Growing Up Sexually



IndexPacificsPolynesia Santa Cruz Isl.


Featured: Pukapukans, Ra’Ivavae, French Polynesia [Marquesans, Cook Islands [Tahiti, Aitutaki, Mangaia], Samoa, Tonga Isl.]; Santa Cruz Isl.




Davenport (1965:p196; 1966)[1], on the “EastBay” society: “Despite the apparent latency period for both sexes, youthful attempts at copulation are sometimes discovered, especially between sister and brothers. Such behaviour is immediately interrupted with a scolding, but as long as the miscreants have not reached full sexual maturity, their parents are more likely to joke about it than to be deeply shocked”. Little is done to discourage genital behaviour in infancy. More strictness is applied after age four (boys may be ridiculed for erections), and girls’ genitalia are more tabooed than boys’. From age five, the touch-taboo extends to the whole female body. Despite nudity till puberty, there is little evidence of heterosexual play, except between siblings, where it is immediately discouraged. Sexual matters are discussed in the family with complete frankness, and children of five and six are rather completely knowledgeable on sexual matters. Adolescent heterosexual behaviour is strictly forbidden. Adolescents may have homosexual interactions in the men’s house. A man may have sexual interaction with a young boy, often too young to be living in a men’s house. Sexual interaction takes place in the bush, and incest taboo is observed. No homosexuality is reported for girls. Marriage arrangements can be made at all ages, from infancy on.






Davenport (1969a:p207)[2]:


            “Occasionally, initiates were permitted to play certain games to relieve their boredom. One of these was     mock copulation, and into which the attendants entered in order to explain the fine points of sexual            intercourse”.


About initiations (p210, 213):


“The sponsor of each initiate gives to his men's house special presents of tobacco, pork, and other fancy food. If possible, too, he would have arranged for a concubine to be there sometime in the near future to

introduce the initiate to sexual intercourse. Associated with this, one of the attendants to an initiate gave him two rolls of feather currency. The rolls were tied over his shoulder, one in front, one in back, and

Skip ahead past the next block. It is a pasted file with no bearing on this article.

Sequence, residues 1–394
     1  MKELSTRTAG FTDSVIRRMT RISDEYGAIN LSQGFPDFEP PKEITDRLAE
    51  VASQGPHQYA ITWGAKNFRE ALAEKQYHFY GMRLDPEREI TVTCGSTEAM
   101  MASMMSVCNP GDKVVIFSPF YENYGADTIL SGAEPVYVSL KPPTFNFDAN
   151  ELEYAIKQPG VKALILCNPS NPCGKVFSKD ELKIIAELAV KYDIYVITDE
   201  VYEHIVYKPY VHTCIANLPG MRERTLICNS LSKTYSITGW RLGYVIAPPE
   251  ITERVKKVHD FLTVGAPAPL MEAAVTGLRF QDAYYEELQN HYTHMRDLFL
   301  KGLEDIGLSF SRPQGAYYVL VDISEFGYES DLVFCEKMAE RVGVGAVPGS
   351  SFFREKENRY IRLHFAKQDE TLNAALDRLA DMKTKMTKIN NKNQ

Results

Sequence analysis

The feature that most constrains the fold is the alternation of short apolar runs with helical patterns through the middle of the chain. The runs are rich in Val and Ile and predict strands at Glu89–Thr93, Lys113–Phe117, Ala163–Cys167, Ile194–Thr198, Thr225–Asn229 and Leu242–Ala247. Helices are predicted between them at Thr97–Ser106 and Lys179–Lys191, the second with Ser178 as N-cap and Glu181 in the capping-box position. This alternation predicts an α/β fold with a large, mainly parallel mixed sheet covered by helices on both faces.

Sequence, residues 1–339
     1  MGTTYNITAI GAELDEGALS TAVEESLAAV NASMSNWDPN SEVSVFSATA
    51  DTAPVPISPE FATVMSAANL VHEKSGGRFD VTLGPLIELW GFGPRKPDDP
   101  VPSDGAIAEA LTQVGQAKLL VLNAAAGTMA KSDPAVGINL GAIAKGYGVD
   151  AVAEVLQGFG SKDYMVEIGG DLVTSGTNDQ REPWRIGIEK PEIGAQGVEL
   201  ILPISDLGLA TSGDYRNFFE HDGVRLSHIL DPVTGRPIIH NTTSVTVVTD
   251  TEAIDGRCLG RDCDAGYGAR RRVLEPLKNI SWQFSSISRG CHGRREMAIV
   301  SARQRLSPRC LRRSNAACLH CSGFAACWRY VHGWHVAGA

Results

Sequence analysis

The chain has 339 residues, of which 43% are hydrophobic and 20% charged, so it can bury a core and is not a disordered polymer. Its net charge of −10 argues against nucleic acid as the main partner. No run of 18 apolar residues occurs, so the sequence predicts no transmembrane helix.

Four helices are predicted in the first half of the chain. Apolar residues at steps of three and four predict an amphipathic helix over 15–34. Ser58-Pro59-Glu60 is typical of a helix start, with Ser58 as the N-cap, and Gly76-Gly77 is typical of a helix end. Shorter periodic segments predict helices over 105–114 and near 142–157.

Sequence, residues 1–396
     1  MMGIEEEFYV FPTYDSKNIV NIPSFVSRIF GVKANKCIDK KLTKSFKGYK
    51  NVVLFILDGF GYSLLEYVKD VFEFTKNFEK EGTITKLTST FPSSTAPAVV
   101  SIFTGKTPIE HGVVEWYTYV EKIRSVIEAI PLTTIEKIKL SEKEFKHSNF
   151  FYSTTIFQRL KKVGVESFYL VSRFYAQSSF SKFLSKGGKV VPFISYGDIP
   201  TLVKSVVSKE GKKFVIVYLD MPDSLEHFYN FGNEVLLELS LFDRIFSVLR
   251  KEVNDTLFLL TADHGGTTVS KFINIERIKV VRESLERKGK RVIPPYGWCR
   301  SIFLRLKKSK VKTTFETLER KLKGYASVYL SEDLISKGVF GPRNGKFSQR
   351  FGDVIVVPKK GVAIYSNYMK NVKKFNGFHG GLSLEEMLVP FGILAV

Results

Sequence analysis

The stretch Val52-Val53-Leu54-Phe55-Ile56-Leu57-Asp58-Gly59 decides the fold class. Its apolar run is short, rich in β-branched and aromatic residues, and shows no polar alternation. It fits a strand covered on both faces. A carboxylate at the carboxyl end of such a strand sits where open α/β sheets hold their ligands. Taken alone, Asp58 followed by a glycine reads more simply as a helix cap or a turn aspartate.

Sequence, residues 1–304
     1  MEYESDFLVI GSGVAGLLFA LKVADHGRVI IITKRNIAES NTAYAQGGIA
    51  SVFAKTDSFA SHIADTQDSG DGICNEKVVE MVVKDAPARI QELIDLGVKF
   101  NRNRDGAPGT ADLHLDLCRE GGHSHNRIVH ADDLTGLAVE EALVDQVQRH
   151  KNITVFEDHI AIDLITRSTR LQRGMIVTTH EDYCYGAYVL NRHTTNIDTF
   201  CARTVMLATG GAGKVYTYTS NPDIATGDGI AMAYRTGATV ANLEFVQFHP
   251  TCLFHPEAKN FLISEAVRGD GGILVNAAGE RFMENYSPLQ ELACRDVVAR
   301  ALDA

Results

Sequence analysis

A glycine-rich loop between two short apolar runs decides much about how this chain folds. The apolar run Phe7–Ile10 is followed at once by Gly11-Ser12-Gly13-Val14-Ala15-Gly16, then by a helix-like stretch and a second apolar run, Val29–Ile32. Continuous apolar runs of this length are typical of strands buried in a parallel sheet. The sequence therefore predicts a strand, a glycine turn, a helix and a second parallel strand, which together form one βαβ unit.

carried by the initiate to the men's house. There the currencies were hung up for display. They signified, however, his payment for the use of a concubine. Actually, five days later the father or other sponsor of

the initiate retrieved the currencies for himself, so the presentation was from the attendant to the sponsor of the initiate. From now on the initiate is regarded as a full adult member of the men's house group. Any man who had not been through the sega initiation was not so considered. […] Another is a moral condemnation of the association between se[.]ga[.] and introducting the initiate to his first sexual intercourse”.





Davenport (1968:p183-5)[3]:


“[...] The fifth observance is made to mark the donning of a strand of beads worn around the waist. This may be omitted for boys, but never for girls. The next observance may be done when the child is still small, and it is to mark his or her wearing of their first adult-style clothing. Before, this was a bark cloth wraparound garment for women, and a breach clout for men, but today it is a cotton cloth wraparound for both sexes. Actually, this observance is more of a notice that the sponsor will, later when the child is more mature, sponsor the celebration of the actual putting on of the first garment. As a preliminary notice, this prevents anyone else from usurping the right to sponsor this occasion. It is not done for all children. The celebration of this initial putting-on-the-garment has nothing to do with modesty, for it is done long before genital modesty training is even commenced. The last observance is a celebration at adolescence of the actual donning of the first garment. By this time the child is fully aware of what is expected in the way of genital modesty and from this time on he or she is expected to exhibit this modesty”.





Davenport (1969b:p241)[4]:


“Sometime between the age of about five and nine years, when the child begins to be trained in genital modesty, he (or she) may be dressed in his (or her) first garment. The event is celebrated by a feast”.













Janssen, D. F., Growing Up Sexually. VolumeI. World Reference Atlas. 0.2 ed. 2004. Berlin: Magnus Hirschfeld Archive for Sexology, Berlin

Last revised: Sept 2004


[1]Davenport, W. (1965)Sexual patterns and their regulation in a society of the south west Pacific, in Beach, F. (Ed.) Sex and Behaviour.New York: Wiley, p164-207; Davenport, W. (1966) Sexual patterns in a southwest Pacific society, in Brecher, R. & Brecher, E. (Eds.) An Analysis of Human Sexual Response. New York: Signet Books, p175-200. See also Money, J. & Ehrhardt, A. A. (1973/1996) Man & Woman, Boy & Girl. London: Aronson, p135-9

[2]Davenport, W. (1969a) Social organization notes on the Northern Santa Cruz Islands: the MainReefIslands. Berlin: D. Reimer, p151-243 [eHRAF 2003]

[3]Davenport, W. (1968) Social organization notes on the Northern Santa Cruz Islands: the DuffIslands (Taumako). Berlin: D. Reimer, 1968. p137-205 [eHRAF, 2003]

[4]Davenport, W. (1969b) Social organization notes on the Southern Santa Cruz Islands: Utupua and Vanikoro. Berlin: D. Reimer, 1969. p207-75 [eHRAF, 2003]